Although school starting may make it seem like fall, September still offers the chance for excessive heat warnings. HSHS Holy Family Hospital wants the community to stay safe by providing tips for staying cool and how to know the warning signs of heat-related illnesses, like heat stroke, which requires medical attention.
Dr. Jamie Baum, emergency department physician at Holy Family Hospital, said, “Strenuous activity in hot weather or prolonged exposure to a hot environment are often the causes of heat stroke. Both lead to a rise in core body temperature which becomes dangerous at 103 degrees or higher.”
Heat stroke is considered a medical emergency. If a person exhibits symptoms of a heat stroke, call 911 right away. Symptoms include:
High body temperature (103 degrees or higher)
Hot, red, dry or damp skin
Fast, strong pulse
Move the person to a cooler place after calling 911. You can also help lower the person’s temperature with cool cloths or a cool bath. It is not recommended that the person is given anything to drink.
“Heat exhaustion is also common during a heat wave. Symptoms include heavy sweating, fast but weak pulse, nausea or vomiting, dizziness, headache and passing out,” added Dr. Baum If you or others experience these symptoms, it is recommended to move to a cool place, sip water, loosen your clothes and put cool, wet cloths on your body to cool down. Dr. Baum said, “Seek medical help right away if you or someone else is vomiting, symptoms get worse or the symptoms last longer than one hour. HSHS Holy Family Hospital is here for those experiencing heat-related illnesses or any other health issues.”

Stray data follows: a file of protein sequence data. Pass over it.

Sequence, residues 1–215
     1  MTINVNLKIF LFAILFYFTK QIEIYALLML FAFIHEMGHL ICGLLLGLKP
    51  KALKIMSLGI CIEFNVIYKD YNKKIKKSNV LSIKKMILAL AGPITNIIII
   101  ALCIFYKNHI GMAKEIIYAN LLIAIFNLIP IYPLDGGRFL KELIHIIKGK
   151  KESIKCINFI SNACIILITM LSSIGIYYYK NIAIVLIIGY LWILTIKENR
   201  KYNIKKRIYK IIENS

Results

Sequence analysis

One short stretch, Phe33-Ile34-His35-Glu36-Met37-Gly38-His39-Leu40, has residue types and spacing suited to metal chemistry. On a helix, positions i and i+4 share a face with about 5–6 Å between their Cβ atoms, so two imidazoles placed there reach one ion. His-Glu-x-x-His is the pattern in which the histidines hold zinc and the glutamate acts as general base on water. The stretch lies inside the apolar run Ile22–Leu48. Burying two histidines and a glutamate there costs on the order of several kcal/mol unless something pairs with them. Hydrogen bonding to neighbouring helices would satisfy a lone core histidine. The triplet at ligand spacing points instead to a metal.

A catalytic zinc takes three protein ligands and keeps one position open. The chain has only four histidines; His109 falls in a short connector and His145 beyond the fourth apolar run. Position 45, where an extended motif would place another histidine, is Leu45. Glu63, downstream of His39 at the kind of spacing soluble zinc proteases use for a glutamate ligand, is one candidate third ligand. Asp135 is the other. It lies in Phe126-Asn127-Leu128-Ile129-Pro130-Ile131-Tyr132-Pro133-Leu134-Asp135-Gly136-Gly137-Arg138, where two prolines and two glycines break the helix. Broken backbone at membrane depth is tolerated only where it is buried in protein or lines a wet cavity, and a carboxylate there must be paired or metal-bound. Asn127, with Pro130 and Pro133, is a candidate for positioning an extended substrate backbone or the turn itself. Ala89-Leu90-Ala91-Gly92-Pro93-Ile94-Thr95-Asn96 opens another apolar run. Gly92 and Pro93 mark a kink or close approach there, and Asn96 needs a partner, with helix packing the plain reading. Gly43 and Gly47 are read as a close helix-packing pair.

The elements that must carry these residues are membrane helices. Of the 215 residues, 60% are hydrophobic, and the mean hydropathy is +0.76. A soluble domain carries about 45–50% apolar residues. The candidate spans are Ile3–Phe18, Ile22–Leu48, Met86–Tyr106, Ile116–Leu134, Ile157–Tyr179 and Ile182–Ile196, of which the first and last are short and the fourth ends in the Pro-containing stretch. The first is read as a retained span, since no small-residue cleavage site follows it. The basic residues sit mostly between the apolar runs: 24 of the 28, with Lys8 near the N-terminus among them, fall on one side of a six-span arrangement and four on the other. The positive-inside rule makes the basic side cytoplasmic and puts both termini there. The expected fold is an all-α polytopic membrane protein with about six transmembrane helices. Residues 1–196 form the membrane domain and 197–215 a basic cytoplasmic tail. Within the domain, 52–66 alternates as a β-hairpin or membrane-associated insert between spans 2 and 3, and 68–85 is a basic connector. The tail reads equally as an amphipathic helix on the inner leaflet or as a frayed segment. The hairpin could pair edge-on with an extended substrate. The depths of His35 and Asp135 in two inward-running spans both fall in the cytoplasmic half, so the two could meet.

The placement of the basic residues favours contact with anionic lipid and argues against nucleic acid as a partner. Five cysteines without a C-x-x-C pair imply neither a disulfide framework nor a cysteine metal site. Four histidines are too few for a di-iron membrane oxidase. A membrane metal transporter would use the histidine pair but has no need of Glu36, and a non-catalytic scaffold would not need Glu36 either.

Heat-related illnesses are preventable. They recommend that people stay cool and stay hydrated. Some tips to stay cool and hydrated include:
Wear appropriate clothing
Stay cool indoors
Don’t be outside if you don’t have to be
If you must be outdoors, pace yourself and take breaks
Avoid hot and heavy meals
Drink more fluids, regardless of your activity
Don’t wait to drink water until you’re thirsty
Stay away from very sugary or alcoholic drinks
Certain people are at higher risk for heat-related illnesses. This includes infants and young children, people 65 and older, people who are overweight, and people who are physically ill. If a person experiences a heat-related illness, it is common for them to lose consciousness. If you know someone in any of these categories, make sure to check on them at least twice a day during a heat wave.
For more information, visit: https://www.cdc.gov/disasters/extremeheat/heattips.html or https://www.cdc.gov/disasters/extremeheat/warning.html.